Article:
Police pursuit leads to morning lockdown of Greenville Public Schools

By Cory Smith • Last Updated 9:44 am on Thursday, May 15, 2014

GREENVILLE — An armed man who fled into the woods near the Greenville high school and middle school buildings this morning was apprehended after the ensuing chase led to a morning lockdown of Greenville Public Schools.

The pursuit of a man, who fled a bail bondsman from a Budget Bail Bonds Agency and was wanted for unknown charges, began at approximately 4 a.m. and concluded when he was apprehended at approximately 7:25 a.m.

According to Sgt. Chris Fraye of the Michigan State Police Lakeview Post, police were contacted by the bonds agency to assist in locating the subject.

“They were looking for somebody on one of their bonds and asked for assistance in locating him,” he said.

Fraye said the department assisted in the search and the suspect was eventually taken into custody by the bail bondsman.

Fraye said the suspect was not arrested by law enforcement and the situation is being handled by the bail bond agency.

No further information was available from the Budget Bail Bonds Agency, which declined to comment.

The investigation led to a lockdown of Greenville Public Schools after Superintendent Pete Haines received a call from the Michigan State Police Lakeview Post shortly after 4 a.m.

“They were calling to let me know they were involved in an active search for an armed suspect,” he said. “The search was near our Central Services Complex … in the woods.”

The Central Services Complex, at 1414 Chase St., also houses the district’s school buses.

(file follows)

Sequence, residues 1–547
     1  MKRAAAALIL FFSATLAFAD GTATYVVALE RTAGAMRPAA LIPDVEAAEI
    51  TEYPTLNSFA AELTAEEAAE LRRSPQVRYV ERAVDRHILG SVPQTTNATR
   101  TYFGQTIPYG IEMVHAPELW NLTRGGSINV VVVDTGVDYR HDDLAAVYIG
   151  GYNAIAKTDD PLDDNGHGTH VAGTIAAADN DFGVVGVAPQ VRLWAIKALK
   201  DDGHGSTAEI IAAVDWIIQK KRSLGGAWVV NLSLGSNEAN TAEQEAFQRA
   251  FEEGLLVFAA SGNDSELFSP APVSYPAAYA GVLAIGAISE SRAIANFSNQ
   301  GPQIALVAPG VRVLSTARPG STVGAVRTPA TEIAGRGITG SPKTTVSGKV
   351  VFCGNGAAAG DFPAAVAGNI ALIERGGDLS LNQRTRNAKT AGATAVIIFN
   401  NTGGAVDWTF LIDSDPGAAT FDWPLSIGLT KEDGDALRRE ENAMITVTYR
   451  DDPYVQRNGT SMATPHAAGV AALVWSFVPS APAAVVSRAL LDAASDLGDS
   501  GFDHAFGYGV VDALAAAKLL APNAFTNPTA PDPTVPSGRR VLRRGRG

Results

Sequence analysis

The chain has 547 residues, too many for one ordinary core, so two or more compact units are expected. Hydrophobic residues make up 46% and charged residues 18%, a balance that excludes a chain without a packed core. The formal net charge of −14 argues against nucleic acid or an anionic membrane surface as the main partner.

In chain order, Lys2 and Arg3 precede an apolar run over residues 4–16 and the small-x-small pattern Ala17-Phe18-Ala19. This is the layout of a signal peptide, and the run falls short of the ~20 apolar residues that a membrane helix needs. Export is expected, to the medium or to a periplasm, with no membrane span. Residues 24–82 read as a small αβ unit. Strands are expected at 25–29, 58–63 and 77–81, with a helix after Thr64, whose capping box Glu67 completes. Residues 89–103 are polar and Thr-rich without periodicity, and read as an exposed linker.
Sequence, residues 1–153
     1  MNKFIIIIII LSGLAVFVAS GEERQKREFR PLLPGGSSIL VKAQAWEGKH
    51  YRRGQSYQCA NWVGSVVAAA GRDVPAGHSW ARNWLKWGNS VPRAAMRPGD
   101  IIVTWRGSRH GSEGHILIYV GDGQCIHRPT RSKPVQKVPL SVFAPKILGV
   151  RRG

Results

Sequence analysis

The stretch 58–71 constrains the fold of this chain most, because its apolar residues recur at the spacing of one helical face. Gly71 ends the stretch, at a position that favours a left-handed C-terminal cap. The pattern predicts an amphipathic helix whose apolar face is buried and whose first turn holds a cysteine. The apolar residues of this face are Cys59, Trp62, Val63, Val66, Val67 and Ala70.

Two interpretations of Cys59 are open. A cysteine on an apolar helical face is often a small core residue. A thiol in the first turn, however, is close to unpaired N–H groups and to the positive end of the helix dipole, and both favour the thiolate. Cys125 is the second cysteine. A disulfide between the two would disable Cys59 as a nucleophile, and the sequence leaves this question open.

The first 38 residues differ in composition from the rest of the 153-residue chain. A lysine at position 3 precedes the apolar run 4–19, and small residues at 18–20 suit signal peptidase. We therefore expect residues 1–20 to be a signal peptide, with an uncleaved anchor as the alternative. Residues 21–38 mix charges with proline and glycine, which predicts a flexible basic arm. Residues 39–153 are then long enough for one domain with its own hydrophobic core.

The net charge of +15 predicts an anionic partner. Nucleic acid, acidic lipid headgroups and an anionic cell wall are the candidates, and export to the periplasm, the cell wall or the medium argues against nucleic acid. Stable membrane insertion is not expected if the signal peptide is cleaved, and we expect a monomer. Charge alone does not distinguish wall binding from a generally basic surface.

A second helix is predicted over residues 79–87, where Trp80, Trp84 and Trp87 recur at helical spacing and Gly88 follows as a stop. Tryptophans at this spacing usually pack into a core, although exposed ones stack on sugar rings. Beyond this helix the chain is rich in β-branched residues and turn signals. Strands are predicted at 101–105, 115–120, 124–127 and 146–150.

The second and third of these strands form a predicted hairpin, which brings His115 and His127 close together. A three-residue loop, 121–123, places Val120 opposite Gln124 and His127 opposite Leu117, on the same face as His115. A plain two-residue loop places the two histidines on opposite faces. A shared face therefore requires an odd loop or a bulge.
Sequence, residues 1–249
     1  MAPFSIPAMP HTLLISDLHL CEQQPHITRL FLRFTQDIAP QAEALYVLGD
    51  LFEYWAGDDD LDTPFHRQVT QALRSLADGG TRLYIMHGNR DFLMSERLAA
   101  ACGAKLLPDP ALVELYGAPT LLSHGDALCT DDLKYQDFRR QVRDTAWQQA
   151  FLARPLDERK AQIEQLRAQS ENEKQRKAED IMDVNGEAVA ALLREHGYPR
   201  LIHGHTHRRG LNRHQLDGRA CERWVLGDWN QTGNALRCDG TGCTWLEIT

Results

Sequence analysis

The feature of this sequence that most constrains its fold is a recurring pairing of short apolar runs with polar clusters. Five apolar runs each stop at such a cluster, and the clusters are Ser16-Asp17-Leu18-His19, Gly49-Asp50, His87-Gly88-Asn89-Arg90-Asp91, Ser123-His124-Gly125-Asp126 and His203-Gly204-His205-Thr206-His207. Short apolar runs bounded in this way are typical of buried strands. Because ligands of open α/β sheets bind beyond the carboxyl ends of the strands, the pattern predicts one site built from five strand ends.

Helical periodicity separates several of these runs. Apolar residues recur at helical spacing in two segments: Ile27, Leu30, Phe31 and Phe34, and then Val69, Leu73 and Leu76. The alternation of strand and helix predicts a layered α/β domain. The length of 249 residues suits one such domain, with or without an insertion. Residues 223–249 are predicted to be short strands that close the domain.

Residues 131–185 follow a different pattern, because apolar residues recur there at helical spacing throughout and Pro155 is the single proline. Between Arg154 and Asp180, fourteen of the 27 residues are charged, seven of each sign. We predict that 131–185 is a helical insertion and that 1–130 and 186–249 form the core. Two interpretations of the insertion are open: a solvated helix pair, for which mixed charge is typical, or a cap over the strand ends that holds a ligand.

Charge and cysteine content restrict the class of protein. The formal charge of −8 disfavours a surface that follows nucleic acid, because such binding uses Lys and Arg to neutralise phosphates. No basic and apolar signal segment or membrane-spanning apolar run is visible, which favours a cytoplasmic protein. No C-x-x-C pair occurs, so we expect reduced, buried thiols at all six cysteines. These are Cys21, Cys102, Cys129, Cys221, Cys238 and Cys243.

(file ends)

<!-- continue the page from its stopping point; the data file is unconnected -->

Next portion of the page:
Haines said after contacting Todd Oatley, the high school assistant principal and security liaison, a decision was made to place the district into “code red” status, effectively locking down the buildings throughout the district.

“There was nobody here at that point,” Haines said. “Our bus dispatch director was just arriving and she was locked down in her office.”

Haines said a decision was made to issue a two-hour delay for the district as state police troopers searched for the suspect.

“We did not want students leaving their homes and waiting at bus stops,” he said.

According to Haines, at approximately 7 a.m., he received a call from state police informing him that the search for the suspect had been suspended.

“This person at that point had made no threats and was not a suspect for any violent crime, therefore they were suspending their active search because they saw no reason to escalate their situation, though he had not been apprehended,” Haines said.

Haines said he was not yet comfortable that the district was “completely secure,” so the security level was raised to “code yellow,” in which all of the school district’s doors are monitored by school administrators.

Haines said he was waiting until 7:30 a.m. to make a decision on whether to close school for the day when he received another phone call at 7:25 a.m.

“It was at about 7:25 a.m. that we got the call that the suspect had been apprehended,” he said. “Law enforcement was searching our area extensively, including the busses. We had some concerns that if this person was seeking shelter in the rain, one of the easiest places to go was one of the buses.”

Haines said school will resume as scheduled with the two-hour delay, and students will be released today without any further schedule changes.

“There’s no risk at this point,” he said. “We were able to dispatch our busses on a two-hour delay schedule. The rest of the day should be as planned.”

Gary Valentine, who operates School-Com608 as a security consultant for the district, said officials handled the lockdown situation very well.

“The measures that we’ve put in place as far as lockdown procedures, school officials did what they were supposed to do today,” he said. “You have to be able to make decisions on the fly. That’s what the superintendent did, based on the information they had at the time. Everyone followed the protocols that we’ve established.”

Valentine said the main priority was to keep students safe and away from bus stops, hence the enforcement of a two-hour delay.

“That two-hour delay gave law enforcement an opportunity to resolve the situation without putting the kids in danger, as well as give the kids a normal school day.”

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